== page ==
POLITICS

Ferguson Remembers The Death That Launched A Movement

This time around, police responded much differently.

FERGUSON, Mo. -- Hundreds of people gathered in the middle of a quiet street in this suburb of St. Louis to pay respect to Michael Brown, the 18-year-old whose shooting death sparked what some consider a new civil rights movement and a significant change in the way the country discusses race and policing.

Brown, who was unarmed, was shot and killed by Darren Wilson, then a Ferguson police officer, shortly after he stole a pack of cigarillos from a nearby convenience store. A grand jury in St. Louis County did not indict Wilson, and a federal investigation into the shooting found no viable civil rights charges against the officer. But a separate investigation found that the mostly white Ferguson Police Department was a place where officials felt comfortable exchanging racist emails and where the government and court officials put an emphasis on bringing in revenue to pad the city’s coffers at the expense of its black residents.

Under the leadership of St. Louis County Police Lt. Jerry Lohr, protests outside the Ferguson Police Department on Saturday night remained nonviolent. Officials flooded the area outside with light, closed the street to traffic and had a limited number of police officers keep watch over the crowd. When some protesters brought over the head of a pig they had roasted, on whose body someone had written "Darren Wilson," Lohr talked with them about pig roasting methods and his memories of roasting pigs with his family.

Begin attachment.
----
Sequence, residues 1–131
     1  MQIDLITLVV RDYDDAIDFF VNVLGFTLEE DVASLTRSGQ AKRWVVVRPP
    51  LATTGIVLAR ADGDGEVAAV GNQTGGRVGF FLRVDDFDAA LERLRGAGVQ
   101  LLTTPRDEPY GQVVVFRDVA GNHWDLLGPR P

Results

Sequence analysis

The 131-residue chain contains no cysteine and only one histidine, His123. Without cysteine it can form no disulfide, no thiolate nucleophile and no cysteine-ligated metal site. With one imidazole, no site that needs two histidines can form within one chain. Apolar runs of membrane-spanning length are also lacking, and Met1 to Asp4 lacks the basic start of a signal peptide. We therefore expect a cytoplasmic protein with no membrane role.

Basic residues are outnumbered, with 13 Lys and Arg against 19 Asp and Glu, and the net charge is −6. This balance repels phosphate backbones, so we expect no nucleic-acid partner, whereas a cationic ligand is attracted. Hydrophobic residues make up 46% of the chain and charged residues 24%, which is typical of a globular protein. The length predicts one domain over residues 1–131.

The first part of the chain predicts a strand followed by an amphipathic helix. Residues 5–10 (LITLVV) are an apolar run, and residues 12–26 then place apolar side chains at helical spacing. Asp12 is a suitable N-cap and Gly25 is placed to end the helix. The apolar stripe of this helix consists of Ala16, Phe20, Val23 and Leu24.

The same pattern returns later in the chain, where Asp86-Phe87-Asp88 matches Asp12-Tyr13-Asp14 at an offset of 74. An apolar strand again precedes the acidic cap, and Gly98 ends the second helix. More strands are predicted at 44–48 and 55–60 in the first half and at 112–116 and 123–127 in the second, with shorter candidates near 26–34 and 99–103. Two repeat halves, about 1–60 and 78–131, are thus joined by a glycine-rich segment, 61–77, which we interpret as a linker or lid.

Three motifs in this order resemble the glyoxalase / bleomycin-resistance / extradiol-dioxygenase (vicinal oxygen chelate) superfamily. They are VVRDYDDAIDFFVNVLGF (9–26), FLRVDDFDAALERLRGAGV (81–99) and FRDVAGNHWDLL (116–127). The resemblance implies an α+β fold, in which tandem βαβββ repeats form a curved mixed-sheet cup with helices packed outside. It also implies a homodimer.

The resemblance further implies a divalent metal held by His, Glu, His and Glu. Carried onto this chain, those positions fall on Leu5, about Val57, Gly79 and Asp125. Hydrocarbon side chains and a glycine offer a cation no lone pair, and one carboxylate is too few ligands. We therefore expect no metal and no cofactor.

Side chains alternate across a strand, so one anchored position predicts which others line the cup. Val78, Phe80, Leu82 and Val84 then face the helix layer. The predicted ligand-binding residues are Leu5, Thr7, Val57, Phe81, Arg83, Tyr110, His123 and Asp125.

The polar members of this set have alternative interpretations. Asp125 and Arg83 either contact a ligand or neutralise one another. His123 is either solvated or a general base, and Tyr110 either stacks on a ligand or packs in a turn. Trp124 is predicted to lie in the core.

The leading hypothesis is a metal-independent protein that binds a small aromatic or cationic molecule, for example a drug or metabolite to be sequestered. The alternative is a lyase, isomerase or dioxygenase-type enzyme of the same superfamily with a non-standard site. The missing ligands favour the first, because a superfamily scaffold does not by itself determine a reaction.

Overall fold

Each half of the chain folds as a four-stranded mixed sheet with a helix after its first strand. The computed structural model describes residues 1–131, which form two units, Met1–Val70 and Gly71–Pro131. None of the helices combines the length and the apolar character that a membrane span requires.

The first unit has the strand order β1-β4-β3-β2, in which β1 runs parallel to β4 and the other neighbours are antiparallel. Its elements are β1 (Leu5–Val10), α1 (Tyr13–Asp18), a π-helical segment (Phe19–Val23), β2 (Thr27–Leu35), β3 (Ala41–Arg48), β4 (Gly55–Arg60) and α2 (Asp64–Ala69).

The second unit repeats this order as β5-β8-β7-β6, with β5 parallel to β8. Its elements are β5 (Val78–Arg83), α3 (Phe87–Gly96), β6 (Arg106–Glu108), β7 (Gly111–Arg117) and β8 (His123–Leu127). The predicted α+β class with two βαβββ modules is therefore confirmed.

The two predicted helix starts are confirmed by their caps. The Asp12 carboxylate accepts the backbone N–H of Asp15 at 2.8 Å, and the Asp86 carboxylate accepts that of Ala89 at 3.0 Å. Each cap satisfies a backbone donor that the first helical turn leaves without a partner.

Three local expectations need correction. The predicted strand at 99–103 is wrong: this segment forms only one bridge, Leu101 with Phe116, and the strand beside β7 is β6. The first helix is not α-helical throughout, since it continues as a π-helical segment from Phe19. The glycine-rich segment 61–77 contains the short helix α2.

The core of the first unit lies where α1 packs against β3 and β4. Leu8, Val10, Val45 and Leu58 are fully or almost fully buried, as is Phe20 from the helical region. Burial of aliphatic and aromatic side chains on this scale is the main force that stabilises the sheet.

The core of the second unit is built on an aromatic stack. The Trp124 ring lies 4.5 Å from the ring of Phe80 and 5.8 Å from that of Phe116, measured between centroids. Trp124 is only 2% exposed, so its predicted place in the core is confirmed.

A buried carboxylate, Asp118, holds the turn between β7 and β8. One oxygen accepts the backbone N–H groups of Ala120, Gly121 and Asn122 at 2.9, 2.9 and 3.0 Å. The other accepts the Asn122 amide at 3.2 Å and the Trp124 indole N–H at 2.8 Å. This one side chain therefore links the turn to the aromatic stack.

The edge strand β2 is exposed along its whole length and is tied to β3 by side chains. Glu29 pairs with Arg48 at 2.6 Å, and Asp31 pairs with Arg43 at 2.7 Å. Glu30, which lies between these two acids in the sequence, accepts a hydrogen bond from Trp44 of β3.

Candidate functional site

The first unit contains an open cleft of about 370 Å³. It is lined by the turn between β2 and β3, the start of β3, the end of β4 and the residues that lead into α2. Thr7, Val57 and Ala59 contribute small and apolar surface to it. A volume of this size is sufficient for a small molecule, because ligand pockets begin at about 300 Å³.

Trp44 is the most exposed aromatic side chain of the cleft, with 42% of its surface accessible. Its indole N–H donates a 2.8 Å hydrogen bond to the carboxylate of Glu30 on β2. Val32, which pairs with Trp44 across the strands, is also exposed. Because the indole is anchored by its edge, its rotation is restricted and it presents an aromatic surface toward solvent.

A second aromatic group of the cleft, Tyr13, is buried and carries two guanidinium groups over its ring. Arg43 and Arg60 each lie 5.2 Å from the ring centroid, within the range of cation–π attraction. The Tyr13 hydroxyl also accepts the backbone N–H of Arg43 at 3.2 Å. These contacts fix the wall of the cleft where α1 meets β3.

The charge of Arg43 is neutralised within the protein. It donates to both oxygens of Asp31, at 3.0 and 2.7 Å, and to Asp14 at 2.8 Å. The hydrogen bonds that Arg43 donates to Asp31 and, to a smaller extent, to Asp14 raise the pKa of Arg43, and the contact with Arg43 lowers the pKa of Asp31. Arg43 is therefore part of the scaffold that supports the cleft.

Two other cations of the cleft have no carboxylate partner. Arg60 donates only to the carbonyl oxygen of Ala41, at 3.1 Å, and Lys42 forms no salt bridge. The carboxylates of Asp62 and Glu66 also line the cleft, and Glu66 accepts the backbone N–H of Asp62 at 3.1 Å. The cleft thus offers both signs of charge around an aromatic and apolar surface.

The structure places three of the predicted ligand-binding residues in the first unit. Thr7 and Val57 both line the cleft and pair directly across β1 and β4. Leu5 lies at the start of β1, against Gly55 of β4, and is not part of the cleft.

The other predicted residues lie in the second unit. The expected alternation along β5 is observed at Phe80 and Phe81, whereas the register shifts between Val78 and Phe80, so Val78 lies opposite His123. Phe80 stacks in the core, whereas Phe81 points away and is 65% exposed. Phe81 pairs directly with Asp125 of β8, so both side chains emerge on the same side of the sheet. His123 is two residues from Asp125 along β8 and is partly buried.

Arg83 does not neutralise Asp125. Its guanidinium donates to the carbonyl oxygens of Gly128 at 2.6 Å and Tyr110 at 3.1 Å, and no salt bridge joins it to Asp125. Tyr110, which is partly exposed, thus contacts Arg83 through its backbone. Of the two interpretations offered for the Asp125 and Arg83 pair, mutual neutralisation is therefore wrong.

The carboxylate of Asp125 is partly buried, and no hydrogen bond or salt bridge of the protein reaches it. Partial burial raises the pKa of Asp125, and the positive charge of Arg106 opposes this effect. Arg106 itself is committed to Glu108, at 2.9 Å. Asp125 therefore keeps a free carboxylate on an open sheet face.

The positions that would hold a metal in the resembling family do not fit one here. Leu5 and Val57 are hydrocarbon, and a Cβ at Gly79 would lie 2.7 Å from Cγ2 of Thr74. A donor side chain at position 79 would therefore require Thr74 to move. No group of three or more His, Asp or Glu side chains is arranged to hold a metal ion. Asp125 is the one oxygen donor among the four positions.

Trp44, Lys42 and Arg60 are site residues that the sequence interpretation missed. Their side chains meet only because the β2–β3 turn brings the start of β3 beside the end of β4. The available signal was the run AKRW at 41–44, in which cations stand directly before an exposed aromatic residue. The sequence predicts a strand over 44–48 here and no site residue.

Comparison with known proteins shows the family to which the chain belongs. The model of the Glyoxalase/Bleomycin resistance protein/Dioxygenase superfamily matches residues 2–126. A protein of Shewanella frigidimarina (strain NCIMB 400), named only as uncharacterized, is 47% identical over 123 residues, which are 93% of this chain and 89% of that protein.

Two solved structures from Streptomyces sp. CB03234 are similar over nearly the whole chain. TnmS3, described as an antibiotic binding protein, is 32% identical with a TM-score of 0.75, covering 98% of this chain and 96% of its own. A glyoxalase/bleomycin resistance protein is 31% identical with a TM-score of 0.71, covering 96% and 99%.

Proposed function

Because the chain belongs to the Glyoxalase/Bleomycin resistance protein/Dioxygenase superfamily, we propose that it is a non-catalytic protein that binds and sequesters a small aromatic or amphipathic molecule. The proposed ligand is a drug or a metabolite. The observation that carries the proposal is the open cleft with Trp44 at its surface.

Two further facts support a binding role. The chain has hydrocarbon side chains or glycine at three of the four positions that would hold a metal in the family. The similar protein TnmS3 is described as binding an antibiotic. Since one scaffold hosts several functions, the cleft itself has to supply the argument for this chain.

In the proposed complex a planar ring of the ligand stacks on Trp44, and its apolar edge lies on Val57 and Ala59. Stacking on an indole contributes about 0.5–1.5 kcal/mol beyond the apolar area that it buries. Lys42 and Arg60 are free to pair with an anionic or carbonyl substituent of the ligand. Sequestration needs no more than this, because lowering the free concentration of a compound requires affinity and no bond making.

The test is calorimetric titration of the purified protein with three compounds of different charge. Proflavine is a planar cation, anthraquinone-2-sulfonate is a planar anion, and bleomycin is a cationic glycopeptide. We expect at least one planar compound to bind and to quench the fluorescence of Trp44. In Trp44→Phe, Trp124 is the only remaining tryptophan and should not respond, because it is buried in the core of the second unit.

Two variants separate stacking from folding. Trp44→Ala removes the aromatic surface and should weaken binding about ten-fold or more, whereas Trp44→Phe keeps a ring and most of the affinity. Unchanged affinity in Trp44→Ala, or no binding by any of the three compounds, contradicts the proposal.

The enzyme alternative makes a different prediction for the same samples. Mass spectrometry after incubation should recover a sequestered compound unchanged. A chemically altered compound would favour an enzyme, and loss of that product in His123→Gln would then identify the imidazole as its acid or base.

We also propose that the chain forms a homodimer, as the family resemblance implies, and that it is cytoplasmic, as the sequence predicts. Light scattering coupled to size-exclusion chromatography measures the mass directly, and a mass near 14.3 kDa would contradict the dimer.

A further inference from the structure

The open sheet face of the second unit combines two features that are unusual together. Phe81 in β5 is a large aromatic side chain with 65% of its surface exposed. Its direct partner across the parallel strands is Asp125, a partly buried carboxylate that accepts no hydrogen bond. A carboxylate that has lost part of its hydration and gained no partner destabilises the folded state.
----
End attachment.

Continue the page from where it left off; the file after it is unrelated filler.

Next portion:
Earlier that evening, St. Louis County Police Chief Jon Belmar -- who oversaw much of the aggressive police response to even peaceful, daytime protests back in August -- wandered around West Florissant, the street where much of the unrest took place last year, and shook hands and took photos.

"I think we've learned a lot," Belmar said in an interview with Trey Yingst, a journalist who was wrongfully arrested by one of Belmar's lieutenants last year. "I would say shame on us if we haven't learned from things that have happened in the past." 

Later in the evening, after protests outside of the police department on the other side of town had quieted down, a non-fatal shooting took place on West Florissant around midnight. Police said Sunday that they had taken a 17-year-old into custody who had attended protests with a gun in his backpack.

“This was supposed to be an event for Mike Brown when people come together,” said 31-year-old Eric Walls, who witnessed the shooting. “We suppose to be having an understanding. We suppose to be making something better out of the situation, not something worse.”

On Sunday, the anniversary of Brown’s death, police officers in normal uniforms stood nearby as demonstrators gathered at the spot where Brown was killed on Canfield Drive and made their way to Greater St. Mark’s Church, where several speakers addressed the changes that took place since last August. While protesters walked to the church, a driveby shooting took place in a nearby neighborhood.

After the shooting, police were on the lookout for a green four-door Pontiac Grand Prix, but pulled over a green two-door car instead. Officers drew their weapons and approached the vehicle. Ronea Green, a 19-year-old from St. Louis County, was in the passenger seat.

"I was shaking, but I stayed calmed. Because if I didn't stay calm I could be dead laying in the street right now,” Green told The Huffington Post shortly after the incident. "They still shouldn't have came at us like that. It was bad."

At the church, speakers talked about supporting black businesses and the movement and performed songs and poems. 

"I’m not sitting down," said Brown’s father, Michael Brown Sr. "I’m going to stay standing up. This movement going to be -- it’s going to be a good movement."